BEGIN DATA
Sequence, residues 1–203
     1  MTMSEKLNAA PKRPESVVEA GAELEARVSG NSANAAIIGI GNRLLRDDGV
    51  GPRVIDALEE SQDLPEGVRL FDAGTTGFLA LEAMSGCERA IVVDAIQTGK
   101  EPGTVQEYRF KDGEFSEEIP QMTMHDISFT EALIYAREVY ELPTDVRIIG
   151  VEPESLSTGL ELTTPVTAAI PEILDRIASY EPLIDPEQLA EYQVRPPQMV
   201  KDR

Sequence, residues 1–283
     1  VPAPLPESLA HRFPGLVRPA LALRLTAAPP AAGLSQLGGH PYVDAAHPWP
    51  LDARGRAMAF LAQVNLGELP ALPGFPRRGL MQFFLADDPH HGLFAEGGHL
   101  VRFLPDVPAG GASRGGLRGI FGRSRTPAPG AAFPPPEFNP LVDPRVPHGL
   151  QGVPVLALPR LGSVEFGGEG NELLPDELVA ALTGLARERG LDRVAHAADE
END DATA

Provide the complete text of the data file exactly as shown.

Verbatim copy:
Sequence, residues 1–203
     1  MTMSEKLNAA PKRPESVVEA GAELEARVSG NSANAAIIGI GNRLLRDDGV
    51  GPRVIDALEE SQDLPEGVRL FDAGTTGFLA LEAMSGCERA IVVDAIQTGK
   101  EPGTVQEYRF KDGEFSEEIP QMTMHDISFT EALIYAREVY ELPTDVRIIG
   151  VEPESLSTGL ELTTPVTAAI PEILDRIASY EPLIDPEQLA EYQVRPPQMV
   201  KDR

Sequence, residues 1–283
     1  VPAPLPESLA HRFPGLVRPA LALRLTAAPP AAGLSQLGGH PYVDAAHPWP
    51  LDARGRAMAF LAQVNLGELP ALPGFPRRGL MQFFLADDPH HGLFAEGGHL
   101  VRFLPDVPAG GASRGGLRGI FGRSRTPAPG AAFPPPEFNP LVDPRVPHGL
   151  QGVPVLALPR LGSVEFGGEG NELLPDELVA ALTGLARERG LDRVAHAADE